Image from a postcard sketched between city and dragon
by Liz Bourke
Athens, April 2012
A thinking woman sleeps with monsters. — Adrienne Rich
I see you in snapshots a shadow against the bright Mediterranean sun like a broken wing like a mirage heat-stained in my eye. * Tomorrow the breeze will stir the thistledown through dusty streets, over the awnings of kafenia and kiosks selling cola, crisps, postcards, dreams St. George on a magnet dragon dead at his feet. * The dragon always dies and lives again to die until the world's end, until Jormungandir lets go his tail until Typhon bursts his bonds and casts Olympus down) * There are bones in your hands fragile as eggshells fragile as suicide flowers where Dimitris Christoulas died. You put them together although they crumble although dust drains like mercury from your palms. * The bog swallows them down like a dragon's gullet in the wet silence compressed to coal and slow-burning fire and hollowed-out reminders. What you find beneath burns your fingers. * Today, outside the museum, riot police slouch in shadow, drinking cafe frappe from clear plastic cups, discussing Olympiakos. Yesterday, I saw you grinning at a gas-mask slung over a teenager's shoulder in Exarcheia square like a phantom boulder too heavy to shift your breath like a graveyard carrion between your teeth furnace-bellows heaving beneath your gleaming hide — * The bones you hold are dust and quicksilver memories of cities moments of change when the mirage moves and the city shifts before your eye and you see us all before you rise.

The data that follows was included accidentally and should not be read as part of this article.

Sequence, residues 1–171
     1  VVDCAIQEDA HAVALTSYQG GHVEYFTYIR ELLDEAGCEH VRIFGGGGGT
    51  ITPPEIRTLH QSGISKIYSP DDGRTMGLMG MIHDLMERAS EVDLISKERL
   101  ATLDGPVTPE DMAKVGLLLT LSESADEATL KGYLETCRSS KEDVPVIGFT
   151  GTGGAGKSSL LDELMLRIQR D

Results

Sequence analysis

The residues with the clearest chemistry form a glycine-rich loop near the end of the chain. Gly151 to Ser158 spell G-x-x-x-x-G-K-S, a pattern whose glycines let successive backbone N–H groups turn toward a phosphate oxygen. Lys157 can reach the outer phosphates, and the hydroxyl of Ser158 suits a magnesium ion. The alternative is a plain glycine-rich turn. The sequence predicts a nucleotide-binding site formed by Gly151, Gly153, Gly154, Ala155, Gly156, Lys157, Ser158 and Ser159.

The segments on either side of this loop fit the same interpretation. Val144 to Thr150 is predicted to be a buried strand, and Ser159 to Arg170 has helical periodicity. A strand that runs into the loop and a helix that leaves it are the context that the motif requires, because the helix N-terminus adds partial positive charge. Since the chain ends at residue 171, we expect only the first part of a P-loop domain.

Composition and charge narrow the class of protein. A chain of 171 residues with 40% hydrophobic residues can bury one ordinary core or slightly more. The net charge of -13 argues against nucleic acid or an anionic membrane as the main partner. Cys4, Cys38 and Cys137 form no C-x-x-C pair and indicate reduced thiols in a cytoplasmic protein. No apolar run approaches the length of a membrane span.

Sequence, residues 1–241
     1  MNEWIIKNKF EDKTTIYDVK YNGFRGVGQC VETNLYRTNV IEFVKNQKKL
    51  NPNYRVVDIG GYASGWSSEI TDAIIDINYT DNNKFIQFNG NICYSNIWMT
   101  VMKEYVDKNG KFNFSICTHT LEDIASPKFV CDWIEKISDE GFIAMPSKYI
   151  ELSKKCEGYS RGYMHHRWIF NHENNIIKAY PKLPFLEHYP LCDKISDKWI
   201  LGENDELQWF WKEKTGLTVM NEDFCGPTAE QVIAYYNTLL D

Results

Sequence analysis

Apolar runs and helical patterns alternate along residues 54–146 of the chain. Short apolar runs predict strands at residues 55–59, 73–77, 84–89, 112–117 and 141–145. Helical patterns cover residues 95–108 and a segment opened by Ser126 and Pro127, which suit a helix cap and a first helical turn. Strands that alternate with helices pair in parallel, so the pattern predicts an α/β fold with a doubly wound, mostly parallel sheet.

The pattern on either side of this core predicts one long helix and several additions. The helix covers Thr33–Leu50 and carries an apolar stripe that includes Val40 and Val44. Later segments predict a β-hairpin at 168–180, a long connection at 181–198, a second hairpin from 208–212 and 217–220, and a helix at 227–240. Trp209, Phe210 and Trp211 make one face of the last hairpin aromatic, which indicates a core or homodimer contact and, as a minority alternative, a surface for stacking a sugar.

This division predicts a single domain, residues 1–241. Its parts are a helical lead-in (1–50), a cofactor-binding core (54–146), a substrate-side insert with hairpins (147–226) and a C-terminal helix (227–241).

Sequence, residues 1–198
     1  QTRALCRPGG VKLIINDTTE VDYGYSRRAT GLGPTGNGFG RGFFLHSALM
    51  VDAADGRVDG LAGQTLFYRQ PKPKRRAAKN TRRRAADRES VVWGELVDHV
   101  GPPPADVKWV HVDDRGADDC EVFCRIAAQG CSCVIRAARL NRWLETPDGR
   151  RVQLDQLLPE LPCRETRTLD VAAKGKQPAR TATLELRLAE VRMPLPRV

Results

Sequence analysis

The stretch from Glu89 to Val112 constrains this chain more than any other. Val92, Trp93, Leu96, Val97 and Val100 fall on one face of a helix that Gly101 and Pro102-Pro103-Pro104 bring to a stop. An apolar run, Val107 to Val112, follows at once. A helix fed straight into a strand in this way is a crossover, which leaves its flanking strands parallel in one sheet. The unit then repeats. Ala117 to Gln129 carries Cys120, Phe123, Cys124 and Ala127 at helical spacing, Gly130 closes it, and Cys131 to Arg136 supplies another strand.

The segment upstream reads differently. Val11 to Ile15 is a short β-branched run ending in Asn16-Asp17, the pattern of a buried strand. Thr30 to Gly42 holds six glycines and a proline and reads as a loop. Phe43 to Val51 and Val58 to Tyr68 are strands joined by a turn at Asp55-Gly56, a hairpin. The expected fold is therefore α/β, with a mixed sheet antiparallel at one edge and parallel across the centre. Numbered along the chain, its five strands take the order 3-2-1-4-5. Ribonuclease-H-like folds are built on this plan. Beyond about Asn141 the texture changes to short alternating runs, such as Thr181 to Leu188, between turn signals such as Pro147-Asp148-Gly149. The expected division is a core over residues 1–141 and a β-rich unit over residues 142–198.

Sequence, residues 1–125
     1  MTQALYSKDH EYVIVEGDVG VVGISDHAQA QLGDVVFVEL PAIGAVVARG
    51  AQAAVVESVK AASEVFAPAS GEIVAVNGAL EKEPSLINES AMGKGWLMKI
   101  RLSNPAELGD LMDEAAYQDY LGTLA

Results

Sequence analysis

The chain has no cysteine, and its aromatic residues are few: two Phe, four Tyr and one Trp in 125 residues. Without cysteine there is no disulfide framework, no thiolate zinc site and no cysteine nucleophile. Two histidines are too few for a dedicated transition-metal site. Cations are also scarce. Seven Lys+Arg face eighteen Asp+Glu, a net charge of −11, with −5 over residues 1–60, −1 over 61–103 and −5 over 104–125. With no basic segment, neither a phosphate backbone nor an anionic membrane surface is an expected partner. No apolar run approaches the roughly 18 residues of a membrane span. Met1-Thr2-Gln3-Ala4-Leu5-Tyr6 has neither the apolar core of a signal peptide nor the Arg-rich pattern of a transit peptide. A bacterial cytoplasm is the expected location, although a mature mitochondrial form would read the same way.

Liz Bourke is reading for a postgraduate degree in Classics at Trinity College, Dublin. In her copious spare time, she has opinions about things on the internet.
When asked what mask would choose her, she replied as follows: "A mask choose me? Now I have an image in my head of a Greek theatre mask — a satyr one, all gnarled lines and beard and kakon ton prosopon — pursuing me around, trying to attach itself to my face. I hope that if a mask did choose me, it would be something a little more noble of aspect... maybe a wolf's-head, or perhaps a discreet Columbina in pale leather — but only if I get to wear it with a dashing and old-fashioned hat"
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